Last Updated: 11 December 2017
Portugal on the Iberian Peninsula is one of Europe’s oldest nations. Once one of the biggest sea faring nations of the world, the castles, palaces, cathedrals and monasteries bear testament to the great wealth that once was Portugal’s. Cathedrals with magnificent stained glass windows, opulent palaces and castles with intricately carved details can be found all over the country.

Eighth century stonewalls and castles atop hillsides attest to Moorish occupation and to the Crusades.

Idyllic little fishing villages are scattered up and down Portugal’s long coastline, small colorful boats go out daily to supply the fish loving, lively and gregarious people of the villages.

Everywhere the white washed houses and churches give Portugal an ambiance all of its own. The countryside boasts granite cliffs, waterfalls and lakes, vineyards and olive and cork forests, interspersed with medieval castles and gothic towers.


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Portugal is a member state of the European Union and part of the Schengen area. Check your visa requirements for entering Schengen area with your passport on the offical website.

There are no border crossing controls between Portugal and Spain, its only neighboring country.

In most cases, you will be required, and it’s highly recommended, to have a travel insurance.

Getting in, out, and around
Portugal’s air, sea, rail, and road network is well developed and connected to most major cities nearby and around the world.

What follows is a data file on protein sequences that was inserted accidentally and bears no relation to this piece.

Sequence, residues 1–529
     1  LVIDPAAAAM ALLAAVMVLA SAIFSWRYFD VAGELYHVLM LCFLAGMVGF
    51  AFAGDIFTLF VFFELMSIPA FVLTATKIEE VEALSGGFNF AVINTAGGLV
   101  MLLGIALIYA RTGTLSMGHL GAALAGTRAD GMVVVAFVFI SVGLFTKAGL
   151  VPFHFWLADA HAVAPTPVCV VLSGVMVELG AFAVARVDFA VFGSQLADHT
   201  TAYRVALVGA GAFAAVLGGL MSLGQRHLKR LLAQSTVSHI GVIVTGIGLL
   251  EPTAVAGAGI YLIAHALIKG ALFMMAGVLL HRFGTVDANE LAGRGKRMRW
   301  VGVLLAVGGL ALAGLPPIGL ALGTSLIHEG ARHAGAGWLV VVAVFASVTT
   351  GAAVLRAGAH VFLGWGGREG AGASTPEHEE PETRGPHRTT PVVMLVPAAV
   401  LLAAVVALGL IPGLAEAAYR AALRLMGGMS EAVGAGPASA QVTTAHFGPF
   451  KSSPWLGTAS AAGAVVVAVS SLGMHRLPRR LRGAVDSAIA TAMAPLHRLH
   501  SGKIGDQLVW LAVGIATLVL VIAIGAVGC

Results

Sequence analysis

Air travel

Most major airlines and low-fare European airlines fly to and from Portugal, and between cities within the country. Go to our guide on how to find the absolute cheapest flight tickets.

Sea travel

Portugal has a long coastal line with several ports. Traveling from and to some destinations may be better on a ferry. Check out if it works better for you here.

Rail travel

With a decent network of railway stations and routes between cities within and outside of Portugal, you can sometimes find yourself to be better off traveling by train. Consider purchasing a Rail Pass, especially if you’d like to travel to other European destinations.

Road travel

If you’re planning to drive in Portugal, in your own car or rented, you need to be aware that some roads require you to pay toll. There will be no toll gates, just the road signs with automatic charges. You should purchase such before traveling to avoid fines. More info on the official website portugaltolls.pt.

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